Dear Cake, I’m bored.
If I were allowed to turn in four-word reviews that would be the best way to describe my reaction to Cake’s newest album “Showroom of Compassion.”
There was a seven-year gap between Showroom’s Jan. 11 release and the band’s previous album, but I’m starting to question what John McCrea and company have been doing since 2004.
The album isn’t terrible, but it isn’t amazing either. The whole record just sort of isn’t.
In interviews leading up to its release frontman McCrea, whose distinct, half-barked singing has always defined Cake, claimed that the band had gone in a totally different direction with their sound and approach to making music.
I don’t believe him. Yes, there have been some tweaks, but there is a big difference between putting lipstick on a pig and signing it up for “Extreme Makeover” and plastic surgery.
“Easy to Crash” has a slightly more expansive sound than anything Cake has ever done, and the 2:40 piano-driven instrumental “Teenage Pregnancy” is totally different, but overall the changes are few and far between.
The 11 songs themselves don’t break new ground in any sense.
Cake’s work has always loosely focused on some odd themes, but on “Showroom” the band clings to them. “Federal Funding” has the same unemotional paranoia “Comfort Eagle” did in 2001.
Three separate tracks are about cars and none is as fun as “Stickshifts and Safetybelts” was the first time I heard it in 1996.
The album’s saving grace is “Long Time” which perfectly combines keys and background chants that would fit in at a $5 haunted house with McCrea’s off-beat and off-tempo singing.
“Long Time” is an undeniably sexy take on reminiscing, and it saves the album from being a total waste of time.
There is a difference between a band having a unique sound and putting out the same record twice. “Showroom of Compassion” fits firmly into the latter distinction. I’ve heard this album before and it was better the first time around.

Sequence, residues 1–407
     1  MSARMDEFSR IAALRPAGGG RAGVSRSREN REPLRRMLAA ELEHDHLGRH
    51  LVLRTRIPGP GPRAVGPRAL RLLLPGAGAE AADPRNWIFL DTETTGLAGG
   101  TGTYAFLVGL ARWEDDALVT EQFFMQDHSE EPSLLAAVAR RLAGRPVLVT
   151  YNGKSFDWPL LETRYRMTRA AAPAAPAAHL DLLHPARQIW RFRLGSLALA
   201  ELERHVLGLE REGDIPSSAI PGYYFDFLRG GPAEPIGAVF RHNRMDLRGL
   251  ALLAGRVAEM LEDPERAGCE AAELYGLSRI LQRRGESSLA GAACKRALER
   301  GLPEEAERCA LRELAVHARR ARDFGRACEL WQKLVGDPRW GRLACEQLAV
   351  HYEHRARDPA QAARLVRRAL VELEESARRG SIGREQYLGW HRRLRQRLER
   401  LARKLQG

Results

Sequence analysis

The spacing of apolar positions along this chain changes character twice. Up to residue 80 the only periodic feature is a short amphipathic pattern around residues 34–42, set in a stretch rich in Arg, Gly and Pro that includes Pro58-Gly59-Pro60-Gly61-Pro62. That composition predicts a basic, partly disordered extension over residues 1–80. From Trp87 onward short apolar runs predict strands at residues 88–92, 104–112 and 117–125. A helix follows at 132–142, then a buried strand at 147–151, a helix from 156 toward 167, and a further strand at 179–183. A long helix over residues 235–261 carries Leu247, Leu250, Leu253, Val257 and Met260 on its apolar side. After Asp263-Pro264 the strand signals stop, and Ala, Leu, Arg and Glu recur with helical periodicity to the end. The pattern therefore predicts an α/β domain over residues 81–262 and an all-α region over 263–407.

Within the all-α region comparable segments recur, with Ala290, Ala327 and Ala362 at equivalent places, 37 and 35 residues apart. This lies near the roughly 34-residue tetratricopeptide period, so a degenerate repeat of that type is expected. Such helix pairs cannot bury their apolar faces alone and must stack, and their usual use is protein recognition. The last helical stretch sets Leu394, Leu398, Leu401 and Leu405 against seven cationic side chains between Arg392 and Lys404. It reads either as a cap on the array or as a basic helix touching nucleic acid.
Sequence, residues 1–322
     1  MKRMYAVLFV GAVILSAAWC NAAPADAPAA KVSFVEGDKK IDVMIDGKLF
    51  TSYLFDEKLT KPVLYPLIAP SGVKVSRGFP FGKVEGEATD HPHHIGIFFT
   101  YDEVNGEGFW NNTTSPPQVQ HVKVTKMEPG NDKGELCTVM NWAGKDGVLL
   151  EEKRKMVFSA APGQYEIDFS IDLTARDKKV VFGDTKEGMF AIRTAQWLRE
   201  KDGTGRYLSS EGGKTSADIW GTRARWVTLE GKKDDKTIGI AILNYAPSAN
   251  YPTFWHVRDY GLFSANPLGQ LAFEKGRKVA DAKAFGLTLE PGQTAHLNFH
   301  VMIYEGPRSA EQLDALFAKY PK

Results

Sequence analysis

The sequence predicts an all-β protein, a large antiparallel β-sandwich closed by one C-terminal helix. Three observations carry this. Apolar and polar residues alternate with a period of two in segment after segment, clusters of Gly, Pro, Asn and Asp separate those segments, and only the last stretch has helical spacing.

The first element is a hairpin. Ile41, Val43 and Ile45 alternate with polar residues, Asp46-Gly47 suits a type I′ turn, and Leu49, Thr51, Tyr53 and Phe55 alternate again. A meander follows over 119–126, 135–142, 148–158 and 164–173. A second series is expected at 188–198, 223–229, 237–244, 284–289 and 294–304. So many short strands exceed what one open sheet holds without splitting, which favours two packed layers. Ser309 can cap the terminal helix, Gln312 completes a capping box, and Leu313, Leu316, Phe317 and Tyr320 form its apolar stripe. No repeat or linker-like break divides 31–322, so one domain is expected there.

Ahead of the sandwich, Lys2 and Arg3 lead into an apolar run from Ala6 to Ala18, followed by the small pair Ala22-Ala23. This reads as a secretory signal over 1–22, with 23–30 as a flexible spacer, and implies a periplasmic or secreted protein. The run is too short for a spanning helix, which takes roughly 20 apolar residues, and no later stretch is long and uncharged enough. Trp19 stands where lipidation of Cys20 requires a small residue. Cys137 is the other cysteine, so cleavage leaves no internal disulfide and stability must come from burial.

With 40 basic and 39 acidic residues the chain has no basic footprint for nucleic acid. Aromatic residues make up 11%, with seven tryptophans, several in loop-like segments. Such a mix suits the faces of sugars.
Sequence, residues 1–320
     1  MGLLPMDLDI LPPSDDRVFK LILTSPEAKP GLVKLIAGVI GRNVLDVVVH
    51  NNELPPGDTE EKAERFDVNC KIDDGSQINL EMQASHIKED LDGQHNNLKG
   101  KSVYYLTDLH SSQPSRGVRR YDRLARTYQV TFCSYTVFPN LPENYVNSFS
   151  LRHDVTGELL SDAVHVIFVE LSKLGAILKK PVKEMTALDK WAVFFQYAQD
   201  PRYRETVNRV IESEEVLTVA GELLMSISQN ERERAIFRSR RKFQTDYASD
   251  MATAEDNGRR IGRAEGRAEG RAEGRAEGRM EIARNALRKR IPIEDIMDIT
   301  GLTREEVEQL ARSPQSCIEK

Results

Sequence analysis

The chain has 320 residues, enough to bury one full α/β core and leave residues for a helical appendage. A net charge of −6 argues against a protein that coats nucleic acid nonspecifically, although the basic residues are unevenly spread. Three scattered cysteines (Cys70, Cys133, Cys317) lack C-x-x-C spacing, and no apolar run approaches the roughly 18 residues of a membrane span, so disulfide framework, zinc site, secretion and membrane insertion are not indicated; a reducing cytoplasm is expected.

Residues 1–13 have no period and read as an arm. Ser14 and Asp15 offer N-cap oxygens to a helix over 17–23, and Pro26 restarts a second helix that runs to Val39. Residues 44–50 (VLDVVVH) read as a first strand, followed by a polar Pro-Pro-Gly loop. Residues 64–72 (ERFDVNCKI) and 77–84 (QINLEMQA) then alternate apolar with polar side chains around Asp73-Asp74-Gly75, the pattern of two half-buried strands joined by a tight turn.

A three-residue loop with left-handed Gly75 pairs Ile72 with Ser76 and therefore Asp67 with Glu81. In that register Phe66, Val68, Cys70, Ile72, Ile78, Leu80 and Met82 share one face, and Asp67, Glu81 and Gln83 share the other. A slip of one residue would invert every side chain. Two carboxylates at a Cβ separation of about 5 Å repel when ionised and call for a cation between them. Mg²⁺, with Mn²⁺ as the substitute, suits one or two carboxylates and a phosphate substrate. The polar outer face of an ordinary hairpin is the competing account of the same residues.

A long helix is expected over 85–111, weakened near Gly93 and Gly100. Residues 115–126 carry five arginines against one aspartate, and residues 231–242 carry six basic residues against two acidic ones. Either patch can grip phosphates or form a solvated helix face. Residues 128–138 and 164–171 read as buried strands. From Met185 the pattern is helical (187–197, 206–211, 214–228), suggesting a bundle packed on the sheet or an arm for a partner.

It’s still Cake and it’s still easy to listen to, but it leaves me wanting more the same way Jared Fogle is secretly not full after finishing his cold-cut combo.
For the first time ever on a Cake album I have an urge to hit the skip button, multiple times. On any other record the band has released, a ho-hum reaction would be a mortal sin, but with more snoozers than good songs it’s inevitable.
I could make a terrible pun about Cake’s new album needing to show room for compassion for their fans who expect more than this, but that’s below even me.
The album’s lead single “Sick of You” has a sense of apathy that might as well be describing the album as a whole. On it McCrea claims to be “sick of you, me, work and play.” Is it a cry for help?
Probably not, but it is as close to a thesis statement as this album will get. He’s bored, I’m bored, it’s bored, we’re bored. No matter how you conjugate it “Showroom of Compassion” is missing something. I took more words than I originally needed, but the message is the same at 568 as it is at four: I’m disappointed in you Cake.